At Philadelphia Eagles training camp in Bethlehem this weekend came a reminder that it’s not just players who have their futures at stake at camp and during the upcoming season.
Head coach Andy Reid’s agent, Bob LaMonte, also showed that it’s not just player agents who pull stunts at camp.
During a visit to camp on Saturday, LaMonte pow-wowed with reporters as if it was the most natural thing for him to do, making the assertion that team owner Jeffrey Lurie has said to him that as long as he is the team’s owner, Andy Reid would be the head coach of the Philadelphia Eagles. The specific verbiage was that Lurie
has stated again and again, any time that I’ve been with him that as long as he’s the owner of the Eagles Andy Reid would be his coach. And I’d say the proof of the pie is in the pudding. He’s been here 14 years.
I don’t think there’s any pressure for him to do any more than he was the year before or the year before that. His production speaks for itself and I think the Eagles have a chance to have a good team this year. And I don’t think anybody sat down with Andy and said, ‘If you don’t win X number of games you’re in trouble.’
Team owner Jeffrey Lurie was one individual who was not amused by LaMonte’s, claim, issuing a rebuttal the same evening.
Bob is a great agent who we have an outstanding relationship with. As much respect as all of us have for Andy Reid, it is the nature of the profession that all coaches, executives and players are evaluated each year. That’s the way we have always operated. But our focus right now, and I know Andy feels the same way, is solely on the 2012 season.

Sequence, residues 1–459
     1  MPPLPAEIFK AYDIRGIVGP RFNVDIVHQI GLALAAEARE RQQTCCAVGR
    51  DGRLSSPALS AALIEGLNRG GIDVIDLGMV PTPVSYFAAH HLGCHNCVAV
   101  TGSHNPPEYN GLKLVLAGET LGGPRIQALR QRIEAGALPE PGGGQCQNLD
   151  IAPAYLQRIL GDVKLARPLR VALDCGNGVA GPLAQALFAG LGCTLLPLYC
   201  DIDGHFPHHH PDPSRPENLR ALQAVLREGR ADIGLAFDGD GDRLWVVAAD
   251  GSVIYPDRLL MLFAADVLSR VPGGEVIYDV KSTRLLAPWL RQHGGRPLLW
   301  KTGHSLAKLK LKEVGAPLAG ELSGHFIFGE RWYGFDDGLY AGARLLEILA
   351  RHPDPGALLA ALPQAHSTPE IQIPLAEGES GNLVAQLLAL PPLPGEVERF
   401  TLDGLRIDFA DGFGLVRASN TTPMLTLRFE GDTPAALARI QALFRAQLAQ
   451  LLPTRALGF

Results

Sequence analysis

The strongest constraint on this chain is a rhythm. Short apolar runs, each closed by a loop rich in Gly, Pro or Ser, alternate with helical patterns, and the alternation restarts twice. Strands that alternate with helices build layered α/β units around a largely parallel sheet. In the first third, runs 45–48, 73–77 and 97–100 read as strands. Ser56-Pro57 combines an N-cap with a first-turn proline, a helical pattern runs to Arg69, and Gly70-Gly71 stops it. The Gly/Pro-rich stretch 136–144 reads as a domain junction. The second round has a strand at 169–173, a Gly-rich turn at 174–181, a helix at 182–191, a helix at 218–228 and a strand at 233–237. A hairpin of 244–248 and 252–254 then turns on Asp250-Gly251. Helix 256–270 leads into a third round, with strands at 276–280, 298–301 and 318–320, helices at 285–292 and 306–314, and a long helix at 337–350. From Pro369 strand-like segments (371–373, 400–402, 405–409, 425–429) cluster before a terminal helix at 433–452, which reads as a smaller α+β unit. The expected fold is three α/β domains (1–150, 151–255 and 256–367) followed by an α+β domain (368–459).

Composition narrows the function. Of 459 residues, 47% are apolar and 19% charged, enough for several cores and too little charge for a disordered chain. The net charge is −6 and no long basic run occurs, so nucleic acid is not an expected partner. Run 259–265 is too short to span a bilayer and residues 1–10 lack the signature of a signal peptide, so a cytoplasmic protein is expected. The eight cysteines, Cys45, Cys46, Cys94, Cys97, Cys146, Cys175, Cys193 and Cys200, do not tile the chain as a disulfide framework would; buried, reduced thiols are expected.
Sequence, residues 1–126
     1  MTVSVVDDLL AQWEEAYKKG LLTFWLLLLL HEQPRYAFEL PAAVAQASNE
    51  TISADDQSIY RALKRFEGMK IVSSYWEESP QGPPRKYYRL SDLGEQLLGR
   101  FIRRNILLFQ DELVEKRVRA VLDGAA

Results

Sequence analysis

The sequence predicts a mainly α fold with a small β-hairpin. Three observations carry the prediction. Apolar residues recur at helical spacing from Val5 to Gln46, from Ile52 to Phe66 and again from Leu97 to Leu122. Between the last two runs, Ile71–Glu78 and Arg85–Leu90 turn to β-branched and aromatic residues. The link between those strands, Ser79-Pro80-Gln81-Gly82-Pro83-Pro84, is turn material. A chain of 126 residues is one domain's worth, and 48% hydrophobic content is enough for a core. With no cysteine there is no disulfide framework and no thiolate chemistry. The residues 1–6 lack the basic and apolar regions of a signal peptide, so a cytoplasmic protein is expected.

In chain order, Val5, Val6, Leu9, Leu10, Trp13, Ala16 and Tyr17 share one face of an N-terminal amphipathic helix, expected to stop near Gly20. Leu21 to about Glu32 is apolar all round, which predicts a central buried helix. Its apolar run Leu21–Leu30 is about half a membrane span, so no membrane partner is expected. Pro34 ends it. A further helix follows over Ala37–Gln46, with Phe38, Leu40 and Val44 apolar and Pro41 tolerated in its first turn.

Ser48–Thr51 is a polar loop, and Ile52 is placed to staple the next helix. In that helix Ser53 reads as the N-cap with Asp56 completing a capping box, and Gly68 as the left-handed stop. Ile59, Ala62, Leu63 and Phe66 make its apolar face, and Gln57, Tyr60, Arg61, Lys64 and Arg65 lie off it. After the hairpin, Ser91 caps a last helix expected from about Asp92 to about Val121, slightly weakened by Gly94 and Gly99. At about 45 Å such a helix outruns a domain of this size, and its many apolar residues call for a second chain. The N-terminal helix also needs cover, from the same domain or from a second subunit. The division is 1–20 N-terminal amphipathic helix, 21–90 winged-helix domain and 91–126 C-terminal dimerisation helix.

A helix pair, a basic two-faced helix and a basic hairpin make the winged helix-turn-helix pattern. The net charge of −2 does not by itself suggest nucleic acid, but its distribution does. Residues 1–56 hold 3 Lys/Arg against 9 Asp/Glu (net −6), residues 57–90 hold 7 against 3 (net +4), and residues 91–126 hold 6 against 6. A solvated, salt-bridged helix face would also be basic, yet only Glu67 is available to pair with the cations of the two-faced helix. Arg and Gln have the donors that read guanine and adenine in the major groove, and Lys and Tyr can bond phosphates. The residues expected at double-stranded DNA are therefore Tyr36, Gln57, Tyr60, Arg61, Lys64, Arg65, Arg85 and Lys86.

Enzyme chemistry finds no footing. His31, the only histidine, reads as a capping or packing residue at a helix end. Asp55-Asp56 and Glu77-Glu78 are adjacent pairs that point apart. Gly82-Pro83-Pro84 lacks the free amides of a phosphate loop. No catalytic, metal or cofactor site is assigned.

Foll0wing the the back and forth , Reid didn’t seem particularly concerned, saying on Sunday, “It’s fine. That’s not where [LaMonte] was really coming from. I understand both sides. . . . I got it. I know the picture. So I’m not worried about all that.” He went on to say, “I don’t even go beyond that. I didn’t even go through and read all the stuff, but it seemed like both people were positive, and that’s not even where I’m at.”
The tactic by LaMonte may have been planned before the tragic death of Reid’s son, Garrett. But the timing is particularly off-putting. With the move clearly created to play to the press, and by extension the public, was the outpouring of sympathy expressed for Reid from the organization and fans supposed to serve as an opportunity to seek contract talks? Was the hope that the clear emotion expressed by Lurie and general manager Howie Roseman at Reid’s loss would serve to illustrate a relationship stronger than team records?
The assertion that anyone in the NFL–player, coach, or general manager–is above performance review is absurd. Relationships can be strong but games must be won. Both in the regular season and in the playoffs. The Eagles have struggled in particular with the latter half of that statement, not winning a playoff game in four years.
Think Lurie can’t make a distinction between friendship and business? Go talk to Joe Banner.
Now, just like so many players during his tenure as head coach, Andy Reid hopes to force the organization’s hand and talk about his contract. He has two years left on his current deal but that time is by no means guaranteed. And Lurie has made that clear.
Trying to smooth over the moves by his agent, Reid say, “I think the best thing that Bob said was if and when it ever came down to that, it’s between Jeff and I. So I’m lucky, lucky to have him as an owner.”
Reid and LaMonte both know that the performance of the Birds on the field will speak volumes about the way the eventual conversation about Reid’s future with the Eagles will go.